He ended his essay with, “The events that have occurred reflect poorly on our country, and they require major changes to correct them. The people are prepared – now is the time to combat racism head-on.”

Several people commented after hearing the essays that Obama’s commencement speeches at Rutgers and Howard had similar recommendations as Jacob’s.

Susan of TEAM Westport should have been in a photo – she’s a major driver behind making this contest happen well!

Judges with winners

Winners with judges

Why Support Under-Privileged Kids at Elite Colleges

Frank Bruni’s op-ed addresses college admissions policies as they affect students who don’t have all the privileges of a town like Westport, with guidance couselors, private tuition for tests, and legacies to help them.

It’s not for those under-privileged students, he says, but for everyone else!

“It’s a plus for richer students, who are then exposed to a breadth of perspectives that lies at the heart of the truest, best education. With the right coaxing and mixing on campus, they become more fluent in diversity, which has professional benefits as well as the obvious civic and moral ones.”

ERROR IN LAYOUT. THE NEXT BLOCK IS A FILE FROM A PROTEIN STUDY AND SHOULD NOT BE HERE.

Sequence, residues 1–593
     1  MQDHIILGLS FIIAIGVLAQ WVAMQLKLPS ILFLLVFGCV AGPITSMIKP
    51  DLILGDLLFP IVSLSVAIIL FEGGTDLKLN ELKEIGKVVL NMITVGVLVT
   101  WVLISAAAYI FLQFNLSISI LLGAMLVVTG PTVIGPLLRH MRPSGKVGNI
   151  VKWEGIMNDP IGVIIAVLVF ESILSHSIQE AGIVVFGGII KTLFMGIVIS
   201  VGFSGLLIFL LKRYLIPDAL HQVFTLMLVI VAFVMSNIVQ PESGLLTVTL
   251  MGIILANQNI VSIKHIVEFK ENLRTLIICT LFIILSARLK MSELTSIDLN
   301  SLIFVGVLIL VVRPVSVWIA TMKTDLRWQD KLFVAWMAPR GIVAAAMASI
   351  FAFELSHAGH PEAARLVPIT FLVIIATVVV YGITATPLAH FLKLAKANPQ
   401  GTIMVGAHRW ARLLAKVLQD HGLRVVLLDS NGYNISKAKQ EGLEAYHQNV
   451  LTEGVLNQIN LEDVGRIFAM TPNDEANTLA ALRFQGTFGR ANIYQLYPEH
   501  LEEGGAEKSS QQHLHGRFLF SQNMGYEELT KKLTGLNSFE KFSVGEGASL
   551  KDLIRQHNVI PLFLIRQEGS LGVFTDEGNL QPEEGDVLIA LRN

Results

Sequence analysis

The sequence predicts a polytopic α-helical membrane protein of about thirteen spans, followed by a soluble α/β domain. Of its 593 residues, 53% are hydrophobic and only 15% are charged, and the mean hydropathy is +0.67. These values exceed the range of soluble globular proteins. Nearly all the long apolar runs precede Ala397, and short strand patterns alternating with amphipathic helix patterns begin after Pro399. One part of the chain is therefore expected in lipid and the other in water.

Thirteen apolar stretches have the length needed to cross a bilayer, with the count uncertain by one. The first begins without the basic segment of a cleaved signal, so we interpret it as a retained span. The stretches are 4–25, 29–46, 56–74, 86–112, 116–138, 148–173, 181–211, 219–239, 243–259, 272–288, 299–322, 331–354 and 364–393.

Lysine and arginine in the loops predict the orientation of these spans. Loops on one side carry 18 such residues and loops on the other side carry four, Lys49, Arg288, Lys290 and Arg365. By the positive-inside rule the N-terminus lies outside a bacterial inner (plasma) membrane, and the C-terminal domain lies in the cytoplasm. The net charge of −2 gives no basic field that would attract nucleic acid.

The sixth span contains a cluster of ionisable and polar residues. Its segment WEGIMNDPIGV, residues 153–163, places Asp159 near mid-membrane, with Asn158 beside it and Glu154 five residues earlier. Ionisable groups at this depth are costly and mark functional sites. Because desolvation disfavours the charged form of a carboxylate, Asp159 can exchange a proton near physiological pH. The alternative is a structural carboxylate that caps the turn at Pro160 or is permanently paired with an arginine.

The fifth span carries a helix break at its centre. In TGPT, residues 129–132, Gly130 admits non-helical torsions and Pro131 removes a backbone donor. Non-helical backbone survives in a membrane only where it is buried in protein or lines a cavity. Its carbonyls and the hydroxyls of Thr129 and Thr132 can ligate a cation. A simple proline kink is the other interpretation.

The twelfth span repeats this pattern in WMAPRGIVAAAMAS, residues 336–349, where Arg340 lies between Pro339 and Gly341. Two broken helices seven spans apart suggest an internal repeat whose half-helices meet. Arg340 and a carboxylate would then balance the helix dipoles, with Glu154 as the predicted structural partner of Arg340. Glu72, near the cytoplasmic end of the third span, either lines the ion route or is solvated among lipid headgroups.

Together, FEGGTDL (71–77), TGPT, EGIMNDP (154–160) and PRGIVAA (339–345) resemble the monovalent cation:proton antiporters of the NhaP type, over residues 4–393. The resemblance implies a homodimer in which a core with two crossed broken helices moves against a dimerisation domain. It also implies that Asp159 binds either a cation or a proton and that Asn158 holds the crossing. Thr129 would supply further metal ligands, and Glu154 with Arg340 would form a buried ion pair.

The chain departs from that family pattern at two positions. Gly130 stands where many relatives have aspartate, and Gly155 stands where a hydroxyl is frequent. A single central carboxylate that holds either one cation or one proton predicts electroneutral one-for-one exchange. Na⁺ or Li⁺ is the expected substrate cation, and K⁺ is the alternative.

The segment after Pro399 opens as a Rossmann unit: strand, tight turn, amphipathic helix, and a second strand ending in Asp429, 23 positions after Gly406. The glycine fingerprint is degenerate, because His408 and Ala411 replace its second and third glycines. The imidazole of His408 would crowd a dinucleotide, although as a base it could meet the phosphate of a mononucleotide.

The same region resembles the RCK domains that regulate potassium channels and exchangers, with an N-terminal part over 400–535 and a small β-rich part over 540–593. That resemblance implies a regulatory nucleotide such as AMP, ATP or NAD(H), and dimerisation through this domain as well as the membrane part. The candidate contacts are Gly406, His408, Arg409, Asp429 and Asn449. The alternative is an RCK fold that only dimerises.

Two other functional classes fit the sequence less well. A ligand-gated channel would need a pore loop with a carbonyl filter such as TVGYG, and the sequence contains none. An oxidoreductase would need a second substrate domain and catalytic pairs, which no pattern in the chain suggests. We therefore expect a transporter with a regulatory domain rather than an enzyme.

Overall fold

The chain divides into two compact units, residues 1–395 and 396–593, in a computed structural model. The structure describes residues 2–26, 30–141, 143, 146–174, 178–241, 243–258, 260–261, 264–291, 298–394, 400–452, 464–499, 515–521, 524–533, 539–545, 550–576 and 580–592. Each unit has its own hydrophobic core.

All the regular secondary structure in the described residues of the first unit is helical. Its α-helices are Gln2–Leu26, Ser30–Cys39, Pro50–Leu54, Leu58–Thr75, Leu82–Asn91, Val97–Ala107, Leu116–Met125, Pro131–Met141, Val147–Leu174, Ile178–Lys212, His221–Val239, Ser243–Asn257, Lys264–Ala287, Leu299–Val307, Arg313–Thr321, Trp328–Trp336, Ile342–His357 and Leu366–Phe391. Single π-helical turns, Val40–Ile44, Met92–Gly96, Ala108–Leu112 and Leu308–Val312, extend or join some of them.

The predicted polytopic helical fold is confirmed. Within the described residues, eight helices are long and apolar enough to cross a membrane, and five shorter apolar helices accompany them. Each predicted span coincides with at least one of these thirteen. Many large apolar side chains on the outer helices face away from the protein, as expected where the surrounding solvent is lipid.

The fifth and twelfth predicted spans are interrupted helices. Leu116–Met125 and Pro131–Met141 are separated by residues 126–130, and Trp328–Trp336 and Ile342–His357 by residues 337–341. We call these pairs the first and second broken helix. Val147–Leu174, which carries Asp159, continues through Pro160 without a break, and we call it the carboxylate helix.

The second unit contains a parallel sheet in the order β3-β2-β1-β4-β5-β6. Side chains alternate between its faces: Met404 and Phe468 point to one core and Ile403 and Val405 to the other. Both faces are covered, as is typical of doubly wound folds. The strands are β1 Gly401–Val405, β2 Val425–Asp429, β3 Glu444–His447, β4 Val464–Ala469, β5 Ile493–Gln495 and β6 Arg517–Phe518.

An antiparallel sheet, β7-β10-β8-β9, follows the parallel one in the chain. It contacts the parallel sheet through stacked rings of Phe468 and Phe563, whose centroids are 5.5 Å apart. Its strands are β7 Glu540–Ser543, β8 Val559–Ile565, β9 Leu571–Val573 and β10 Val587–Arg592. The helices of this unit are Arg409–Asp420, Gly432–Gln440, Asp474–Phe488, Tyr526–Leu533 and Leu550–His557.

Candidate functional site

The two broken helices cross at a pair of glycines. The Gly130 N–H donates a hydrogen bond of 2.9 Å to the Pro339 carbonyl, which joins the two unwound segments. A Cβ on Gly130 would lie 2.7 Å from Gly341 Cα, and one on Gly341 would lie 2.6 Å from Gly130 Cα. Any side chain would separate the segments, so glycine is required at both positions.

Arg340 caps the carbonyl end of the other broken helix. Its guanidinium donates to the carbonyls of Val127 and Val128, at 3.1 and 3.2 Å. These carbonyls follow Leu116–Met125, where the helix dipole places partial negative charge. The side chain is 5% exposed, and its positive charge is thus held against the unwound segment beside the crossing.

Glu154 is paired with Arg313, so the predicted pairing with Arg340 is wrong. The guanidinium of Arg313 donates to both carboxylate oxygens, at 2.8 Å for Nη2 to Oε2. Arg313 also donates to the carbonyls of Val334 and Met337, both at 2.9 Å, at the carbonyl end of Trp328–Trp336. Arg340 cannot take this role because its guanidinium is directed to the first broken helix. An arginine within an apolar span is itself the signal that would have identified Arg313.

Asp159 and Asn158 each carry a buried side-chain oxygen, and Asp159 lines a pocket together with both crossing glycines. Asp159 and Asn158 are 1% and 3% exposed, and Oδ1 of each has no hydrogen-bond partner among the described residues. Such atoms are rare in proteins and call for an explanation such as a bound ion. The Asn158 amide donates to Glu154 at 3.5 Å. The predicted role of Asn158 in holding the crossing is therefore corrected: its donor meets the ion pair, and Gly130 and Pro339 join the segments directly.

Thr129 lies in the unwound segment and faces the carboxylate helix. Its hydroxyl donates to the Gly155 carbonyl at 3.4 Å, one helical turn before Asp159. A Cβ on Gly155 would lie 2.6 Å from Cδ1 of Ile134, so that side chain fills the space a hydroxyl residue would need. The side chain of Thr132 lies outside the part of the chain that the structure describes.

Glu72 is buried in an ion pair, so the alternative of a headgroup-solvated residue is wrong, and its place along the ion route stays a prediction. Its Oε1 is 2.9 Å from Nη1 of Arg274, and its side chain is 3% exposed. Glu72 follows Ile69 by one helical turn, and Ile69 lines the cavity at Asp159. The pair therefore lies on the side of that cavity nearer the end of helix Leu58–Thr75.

This is exactly the message that TEAM Westport has been sending out since I’ve been a member.

Bruni identifies Amherst and a few other schools which are making great strides in identifying and recruiting students from lower-income families.

“[Amherst] has poured money into making sure that the financial needs of those students are fully met. In accepting transfer students, it has given priority to those coming from community colleges. And it has set up a variety of programs and services on campus to make sure that students without affluent, college-educated parents get any extra support they need.”


Author: Catherine Onyemelukwe

Author, blogger, speaker. Born in New York, grew up in mid west United States, lived in Nigeria for 24 years, back in U.S. since 1986. Advocate for racial justice.

One Comment

  1. Even when the “lucky” girls are found, they will suffer from PTSD and who knows what else for a long time. I hope they will get the help they need.